You are here:
BIOGRAPHYPage 1 of 5
By Nicola West
Jim Carrey, Film Star, Survivor, Inspiration. From humble beginnings to superstardom, he joins an elite group of comedians who have spanned the acting chasm to achieve phenomenal success. This is his story.
The fun began on January 17th 1962, born to Kathleen and Percy and the youngest of 4 he grew up in a house filled with laughter and fun. His parents often suffered from ill health and the young Jim would clown around to bring smiles to their faces and to stand out from his siblings, Rita, Pat and John. A skill he was to take to school in return for his good behaviour.
The laughter however took a blow when Percy lost his safe job as an accountant when he was 52, plunging the family into dire financial straights. This was a huge blow for the mild mannered Percy who had given up musical dreams in favour of family security. They lost their home and when Jim was in 8th grade the family was forced to enter one of their bleakest periods, as they agreed to work as factory caretakers and cleaners, in return for secured accommodation. This meant Jim too, who struggled with working an 8 hour evening shift with schoolwork. Inevitably the A grade student began to fail and this showed in his behaviour in the community. He decided he had no option but to leave school.
Eventually the family decided the hostility between fellow factory workers and their general unhappiness was too much to bear and they moved into a VW camper van. Despite the cramped space the family was happier again and Percy and Jim began to explore Jim's comedic talents. At 15 he appeared at Toronto's Yuk Yuk's in a bright yellow suit made for him by Kathleen. He went down badly and it took time and perseverance, but soon he was performing regularly on the Toronto club circuit, whilst supporting the family.
His early routine comprised mainly of impressions and along with the positive feedback he was receiving he took the brave step of moving to Los Angeles in 1979. The Comedy Store soon had him on the bill and he found himself spotted by Rodney Dangerfield who booked Jim to be his support act, leading to Vegas gigs.
Despite these achievements Jim felt things weren't moving as quickly as he would like. Low budget movies were filtering through however. "All in Good Taste", "Rubberface", "The Sex and Violence Family Hour" and "Copper Mountain" were learning experiences for the young Jim but he was becoming more and more disillusioned with impressionism.
Then came along "The Duck Factory" in 1984 and for a while it seemed as though stardom had arrived and Jim moved his parents to LA, but Jim played a straight character in the series and it's scheduling up against "Cheers" led it to fail.
Jim knew things had to change and above all he realised he wanted to make people laugh and heading back to the comedy circuit, began to explore new material, often bombing in front of the audience but never giving up. However the money did and with no option he was forced to ask his parents to leave, Therein followed a bleak period in Jim's life. During this time he wrote himself the now legendary cheque for $10 million for services rendered, which he kept in his wallet and subsequently and poignantly placed in his fathers pocket at Percy's funeral.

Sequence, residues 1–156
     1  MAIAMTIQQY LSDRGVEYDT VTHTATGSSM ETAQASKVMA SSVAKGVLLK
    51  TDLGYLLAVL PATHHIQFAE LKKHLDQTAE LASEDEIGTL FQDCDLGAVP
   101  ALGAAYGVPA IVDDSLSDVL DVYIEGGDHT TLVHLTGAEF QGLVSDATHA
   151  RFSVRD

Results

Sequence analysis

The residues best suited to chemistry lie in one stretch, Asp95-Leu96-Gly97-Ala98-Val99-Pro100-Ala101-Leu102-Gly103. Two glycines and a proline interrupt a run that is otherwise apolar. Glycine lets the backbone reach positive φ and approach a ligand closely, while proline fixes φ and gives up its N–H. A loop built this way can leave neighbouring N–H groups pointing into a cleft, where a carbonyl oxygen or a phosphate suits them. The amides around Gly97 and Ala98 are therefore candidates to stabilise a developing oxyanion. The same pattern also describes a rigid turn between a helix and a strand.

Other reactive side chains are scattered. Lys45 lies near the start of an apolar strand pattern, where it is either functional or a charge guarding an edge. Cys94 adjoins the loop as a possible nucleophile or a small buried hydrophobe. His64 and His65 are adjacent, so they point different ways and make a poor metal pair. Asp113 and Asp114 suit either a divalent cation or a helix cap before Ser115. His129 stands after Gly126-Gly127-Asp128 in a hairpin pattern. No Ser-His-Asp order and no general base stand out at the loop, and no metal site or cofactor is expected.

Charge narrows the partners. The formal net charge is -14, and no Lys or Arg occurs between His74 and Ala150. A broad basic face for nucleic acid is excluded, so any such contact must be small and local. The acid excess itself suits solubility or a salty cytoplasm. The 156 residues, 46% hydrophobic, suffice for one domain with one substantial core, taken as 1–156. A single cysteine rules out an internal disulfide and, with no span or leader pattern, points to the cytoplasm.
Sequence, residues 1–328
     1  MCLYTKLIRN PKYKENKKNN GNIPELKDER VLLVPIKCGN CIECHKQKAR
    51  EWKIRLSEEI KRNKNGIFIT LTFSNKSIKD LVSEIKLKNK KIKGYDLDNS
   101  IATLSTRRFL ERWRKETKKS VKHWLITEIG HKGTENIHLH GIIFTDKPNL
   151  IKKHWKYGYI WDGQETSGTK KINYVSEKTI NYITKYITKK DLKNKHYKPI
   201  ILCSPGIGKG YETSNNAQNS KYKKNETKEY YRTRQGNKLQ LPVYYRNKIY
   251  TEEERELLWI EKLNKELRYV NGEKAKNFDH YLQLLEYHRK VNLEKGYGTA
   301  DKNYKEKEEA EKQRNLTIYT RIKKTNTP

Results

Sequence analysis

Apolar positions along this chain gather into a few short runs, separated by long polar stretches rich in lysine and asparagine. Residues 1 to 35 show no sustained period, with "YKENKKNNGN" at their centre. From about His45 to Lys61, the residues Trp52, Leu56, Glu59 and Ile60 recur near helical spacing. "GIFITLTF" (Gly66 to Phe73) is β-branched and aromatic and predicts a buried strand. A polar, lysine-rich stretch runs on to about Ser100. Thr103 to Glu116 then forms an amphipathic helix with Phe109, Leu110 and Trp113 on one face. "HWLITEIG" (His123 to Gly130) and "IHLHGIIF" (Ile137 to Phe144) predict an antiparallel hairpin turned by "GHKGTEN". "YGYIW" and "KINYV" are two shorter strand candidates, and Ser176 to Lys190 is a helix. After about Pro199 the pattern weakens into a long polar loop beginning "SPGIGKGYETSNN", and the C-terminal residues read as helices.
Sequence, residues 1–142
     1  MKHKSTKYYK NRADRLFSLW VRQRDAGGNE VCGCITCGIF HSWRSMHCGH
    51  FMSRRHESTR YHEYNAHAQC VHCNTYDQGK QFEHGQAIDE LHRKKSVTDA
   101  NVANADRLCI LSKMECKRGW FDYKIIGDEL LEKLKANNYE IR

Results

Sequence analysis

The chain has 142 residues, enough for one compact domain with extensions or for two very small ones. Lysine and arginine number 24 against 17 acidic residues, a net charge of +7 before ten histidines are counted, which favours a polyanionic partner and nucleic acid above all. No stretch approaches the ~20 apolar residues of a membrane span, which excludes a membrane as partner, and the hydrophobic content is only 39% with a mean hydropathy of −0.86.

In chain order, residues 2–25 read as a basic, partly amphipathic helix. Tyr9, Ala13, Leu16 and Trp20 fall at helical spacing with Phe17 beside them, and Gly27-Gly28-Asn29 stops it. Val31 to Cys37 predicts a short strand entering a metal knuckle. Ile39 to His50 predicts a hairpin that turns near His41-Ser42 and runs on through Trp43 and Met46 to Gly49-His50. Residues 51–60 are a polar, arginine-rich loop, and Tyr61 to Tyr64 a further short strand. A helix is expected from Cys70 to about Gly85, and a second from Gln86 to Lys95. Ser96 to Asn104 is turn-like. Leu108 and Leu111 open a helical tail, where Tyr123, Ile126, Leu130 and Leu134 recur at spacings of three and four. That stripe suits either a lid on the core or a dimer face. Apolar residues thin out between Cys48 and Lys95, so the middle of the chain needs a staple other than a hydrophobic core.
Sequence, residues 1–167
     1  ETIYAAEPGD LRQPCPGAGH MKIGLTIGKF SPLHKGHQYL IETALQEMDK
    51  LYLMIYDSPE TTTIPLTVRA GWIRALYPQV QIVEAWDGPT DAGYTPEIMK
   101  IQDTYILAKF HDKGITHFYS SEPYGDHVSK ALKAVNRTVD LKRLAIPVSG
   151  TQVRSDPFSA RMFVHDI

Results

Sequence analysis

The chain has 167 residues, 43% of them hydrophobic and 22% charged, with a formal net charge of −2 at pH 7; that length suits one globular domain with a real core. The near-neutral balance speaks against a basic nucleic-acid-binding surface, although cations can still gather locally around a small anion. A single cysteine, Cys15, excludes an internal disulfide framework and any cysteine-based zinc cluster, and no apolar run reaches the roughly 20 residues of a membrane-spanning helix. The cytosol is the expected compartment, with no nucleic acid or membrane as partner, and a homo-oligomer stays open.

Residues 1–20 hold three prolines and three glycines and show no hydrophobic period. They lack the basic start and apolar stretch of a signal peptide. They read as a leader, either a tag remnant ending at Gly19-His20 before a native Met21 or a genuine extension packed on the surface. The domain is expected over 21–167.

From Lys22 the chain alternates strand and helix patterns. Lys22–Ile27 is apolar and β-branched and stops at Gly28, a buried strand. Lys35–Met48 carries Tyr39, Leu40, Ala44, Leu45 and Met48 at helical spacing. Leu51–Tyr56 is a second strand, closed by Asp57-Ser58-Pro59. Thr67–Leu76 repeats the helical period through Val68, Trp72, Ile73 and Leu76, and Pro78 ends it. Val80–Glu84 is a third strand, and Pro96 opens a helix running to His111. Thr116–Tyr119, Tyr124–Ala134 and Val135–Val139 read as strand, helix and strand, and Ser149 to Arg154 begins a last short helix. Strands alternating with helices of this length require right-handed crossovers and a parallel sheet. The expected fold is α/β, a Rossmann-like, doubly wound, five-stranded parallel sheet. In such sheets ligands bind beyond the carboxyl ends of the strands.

His personal life however looked more promising. In 1986 he met actress Melissa Womer at the Comedy Store where she was waitressing, fell in love and married a year later, shortly followed by the birth of daughter Jane. He was no longer a single man, he had a family to think of.
Other movies began to filter through, "Finders Keepers", "Once Bitten", "Peggy Sue Got Married", "The Dead Pool", "Pink Cadillac" and "Mike Hammer: Murder Takes All" then came "Earth Girls are Easy". Despite being an unimpressive movie Jim made an impression on co-star Damon Wayans who recommended Jim to his brother for a new show "In Living Color". This was to be his big chance. The role led to Jim Carrey's Unnatural Act in 1991 and led to a role in Fox's Emmy nominated TV film "Doing Time on Maple Drive". A serious role in which he played a young man with a serious drinking problem, it showcased Jim's straight acting talents but he continued with "In Living Color", sticking with comedy for the meantime.
Well received, Jim stayed with the show until 1994 and used it as a vehicle for characters such as Fire Marshall Bill and Vera de Milo. He was able to push boundaries and test audience reactions and across the industry was receiving attention and acclaim, which was to lead to his first blockbuster.
"Ace Ventura: Pet Detective". Made for just $12 million the movie raked in $72 million and put Jim at the top of his game. This was a movie Jim had more than the usual hand in, he re-wrote it around his sense of humour and the public and the industry loved it.
1 | 2 | 3 | 4 | 5 | 6 | »